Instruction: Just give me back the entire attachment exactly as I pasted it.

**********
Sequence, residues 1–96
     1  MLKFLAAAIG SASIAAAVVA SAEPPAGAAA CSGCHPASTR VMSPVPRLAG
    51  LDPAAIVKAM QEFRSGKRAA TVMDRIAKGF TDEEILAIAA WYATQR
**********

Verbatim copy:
Sequence, residues 1–96
     1  MLKFLAAAIG SASIAAAVVA SAEPPAGAAA CSGCHPASTR VMSPVPRLAG
    51  LDPAAIVKAM QEFRSGKRAA TVMDRIAKGF TDEEILAIAA WYATQR